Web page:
As of June 2022, polysilicon prices remained high (at a monthly average of $35/kilogram) even though 60 GW of additional polysilicon capacity was commissioned in China last year. “While the commissioning of new plants is expected to increase global polysilicon capacity from around 220 GW in 2021 to almost 400 GW in 2022, rapidly growing global PV demand, fires and maintenance in existing plants in China, and slow ramp-up period for new plants, are all expected to keep the polysilicon market tight,” the study says. These challenges “have resulted in delays in solar PV deliveries across the globe and higher prices,” the IEA noted.
The IEA said governments and other stakeholders around the world are increasingly paying attention to solar PV’s manufacturing supply chains because high commodity prices and supply chain bottlenecks have led to a solar panel price surge of around 20% over the last year.
These disruptions come amid general volatility that has rattled energy supply chains worldwide, it notes. The world continues to reel from COVID-19 impacts, record commodity prices, and Russia’s invasion of Ukraine. These events have shed light on vulnerabilities related to energy imports, raw material shortages, and manufacturing bottlenecks.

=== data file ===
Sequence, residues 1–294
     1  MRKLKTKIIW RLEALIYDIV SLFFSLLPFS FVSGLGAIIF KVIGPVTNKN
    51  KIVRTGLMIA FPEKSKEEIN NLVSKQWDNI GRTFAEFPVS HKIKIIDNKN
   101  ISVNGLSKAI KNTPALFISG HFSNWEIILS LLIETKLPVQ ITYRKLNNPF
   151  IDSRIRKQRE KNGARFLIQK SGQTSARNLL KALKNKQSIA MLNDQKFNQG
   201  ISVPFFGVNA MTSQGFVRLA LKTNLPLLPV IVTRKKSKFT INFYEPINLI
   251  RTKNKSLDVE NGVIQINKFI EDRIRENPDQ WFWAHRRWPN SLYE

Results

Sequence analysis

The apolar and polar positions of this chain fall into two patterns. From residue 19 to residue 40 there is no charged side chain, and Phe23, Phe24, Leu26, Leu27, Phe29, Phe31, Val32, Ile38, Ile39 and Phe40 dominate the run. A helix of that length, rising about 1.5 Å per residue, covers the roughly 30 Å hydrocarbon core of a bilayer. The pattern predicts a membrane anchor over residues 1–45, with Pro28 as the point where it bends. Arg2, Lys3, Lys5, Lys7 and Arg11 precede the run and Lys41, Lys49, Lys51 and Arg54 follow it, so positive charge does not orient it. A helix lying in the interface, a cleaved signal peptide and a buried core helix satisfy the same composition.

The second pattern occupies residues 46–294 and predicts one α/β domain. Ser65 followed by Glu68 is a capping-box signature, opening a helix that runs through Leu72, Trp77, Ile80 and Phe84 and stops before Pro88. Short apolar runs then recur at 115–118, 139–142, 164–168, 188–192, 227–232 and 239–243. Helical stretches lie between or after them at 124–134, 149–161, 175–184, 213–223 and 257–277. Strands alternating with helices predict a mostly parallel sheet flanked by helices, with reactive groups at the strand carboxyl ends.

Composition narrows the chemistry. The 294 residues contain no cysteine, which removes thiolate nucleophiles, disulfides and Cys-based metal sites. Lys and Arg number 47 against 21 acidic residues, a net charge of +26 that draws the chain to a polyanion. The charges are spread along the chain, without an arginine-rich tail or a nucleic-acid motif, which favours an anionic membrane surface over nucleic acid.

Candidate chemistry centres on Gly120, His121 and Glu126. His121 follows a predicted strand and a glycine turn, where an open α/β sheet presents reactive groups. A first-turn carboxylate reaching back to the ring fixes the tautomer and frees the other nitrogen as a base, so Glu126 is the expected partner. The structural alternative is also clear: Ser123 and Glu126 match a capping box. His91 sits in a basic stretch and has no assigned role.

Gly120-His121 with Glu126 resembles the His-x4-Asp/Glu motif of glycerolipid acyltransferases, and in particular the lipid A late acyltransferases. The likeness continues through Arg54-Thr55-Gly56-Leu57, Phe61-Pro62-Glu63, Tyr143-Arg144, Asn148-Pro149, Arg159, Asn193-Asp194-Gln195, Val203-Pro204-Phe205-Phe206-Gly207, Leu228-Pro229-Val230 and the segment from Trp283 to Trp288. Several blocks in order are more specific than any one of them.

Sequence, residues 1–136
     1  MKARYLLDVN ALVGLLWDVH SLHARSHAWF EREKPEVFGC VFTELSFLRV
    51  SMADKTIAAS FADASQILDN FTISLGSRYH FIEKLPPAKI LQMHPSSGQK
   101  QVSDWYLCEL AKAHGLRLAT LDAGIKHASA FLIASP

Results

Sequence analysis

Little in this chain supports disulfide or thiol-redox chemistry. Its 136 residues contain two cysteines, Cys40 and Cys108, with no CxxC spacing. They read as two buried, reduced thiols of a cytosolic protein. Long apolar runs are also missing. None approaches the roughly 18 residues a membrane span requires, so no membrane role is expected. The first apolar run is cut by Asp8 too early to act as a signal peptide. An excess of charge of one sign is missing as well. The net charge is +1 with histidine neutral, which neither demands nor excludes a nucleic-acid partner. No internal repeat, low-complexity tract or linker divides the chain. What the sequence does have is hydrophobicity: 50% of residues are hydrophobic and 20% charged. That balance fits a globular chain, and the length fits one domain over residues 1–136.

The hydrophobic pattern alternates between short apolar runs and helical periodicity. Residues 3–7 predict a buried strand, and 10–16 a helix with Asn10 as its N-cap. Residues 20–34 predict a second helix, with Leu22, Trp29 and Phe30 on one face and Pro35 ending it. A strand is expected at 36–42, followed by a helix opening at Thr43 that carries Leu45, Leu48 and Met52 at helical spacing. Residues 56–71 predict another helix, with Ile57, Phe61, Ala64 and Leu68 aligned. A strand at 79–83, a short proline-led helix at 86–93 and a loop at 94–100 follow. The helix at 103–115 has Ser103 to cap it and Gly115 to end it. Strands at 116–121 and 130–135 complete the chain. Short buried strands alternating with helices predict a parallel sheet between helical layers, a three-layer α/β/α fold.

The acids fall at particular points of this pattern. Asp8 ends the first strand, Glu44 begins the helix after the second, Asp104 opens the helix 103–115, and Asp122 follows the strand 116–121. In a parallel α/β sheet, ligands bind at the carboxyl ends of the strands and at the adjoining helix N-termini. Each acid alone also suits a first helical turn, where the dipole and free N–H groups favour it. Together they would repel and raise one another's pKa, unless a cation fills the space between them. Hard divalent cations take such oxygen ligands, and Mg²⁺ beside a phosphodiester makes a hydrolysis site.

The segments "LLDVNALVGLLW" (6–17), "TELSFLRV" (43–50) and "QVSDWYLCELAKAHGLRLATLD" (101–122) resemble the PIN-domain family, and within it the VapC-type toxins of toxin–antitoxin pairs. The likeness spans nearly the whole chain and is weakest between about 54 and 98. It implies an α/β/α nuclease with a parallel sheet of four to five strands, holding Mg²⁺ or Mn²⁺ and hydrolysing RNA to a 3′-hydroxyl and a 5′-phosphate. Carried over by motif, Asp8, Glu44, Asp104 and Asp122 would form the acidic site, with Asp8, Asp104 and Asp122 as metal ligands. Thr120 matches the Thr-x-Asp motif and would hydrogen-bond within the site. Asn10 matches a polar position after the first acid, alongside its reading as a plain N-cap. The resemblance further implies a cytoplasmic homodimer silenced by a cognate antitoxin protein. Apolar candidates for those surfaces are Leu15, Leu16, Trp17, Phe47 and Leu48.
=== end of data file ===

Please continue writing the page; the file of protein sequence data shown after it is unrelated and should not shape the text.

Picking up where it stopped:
A Long List of Solar PV Supply Chain Risks
The study, meanwhile, highlights several other risks facing the solar PV supply chain. Among them is a growing demand for critical minerals. Today, China plays a dominant role in producing many critical minerals used for solar PV. “Despite improvements in using materials more efficiently, the PV industry’s demand for minerals is set to expand significantly,” the agency said. “In the IEA’s Roadmap to Net Zero Emissions by 2050, for example, demand for silver for solar PV manufacturing in 2030 could exceed 30% of total global silver production in 2020—up from about 10% today. “This rapid growth, combined with long lead times for mining projects, increases the risk of supply and demand mismatches, which can lead to cost increases and supply shortages,” the study says.
Banking on China, meanwhile, poses specific geographic concentration risks, including disruption by natural hazards, such as earthquakes, fires, and extreme weather events. Blackouts or energy shortages could also roil geographically concentrated supply chains, the agency noted.
Trade restrictions pose another substantial set of risks. “Since 2011, the number of antidumping, countervailing and import duties levied against parts of the solar PV supply chain has increased from just one import tax to 16 duties and import taxes, with eight additional policies under consideration. Altogether, these measures cover 15% of global demand outside of China,” the IEA said.
The long-term financial sustainability of the solar PV manufacturing sector is also a concern. Given the dramatic plunge in solar PV prices, the profitability of all supply chain segments has been “volatile, resulting in several bankruptcies despite policy support,” the study says.
Diversification Necessary, But May Not Be Easy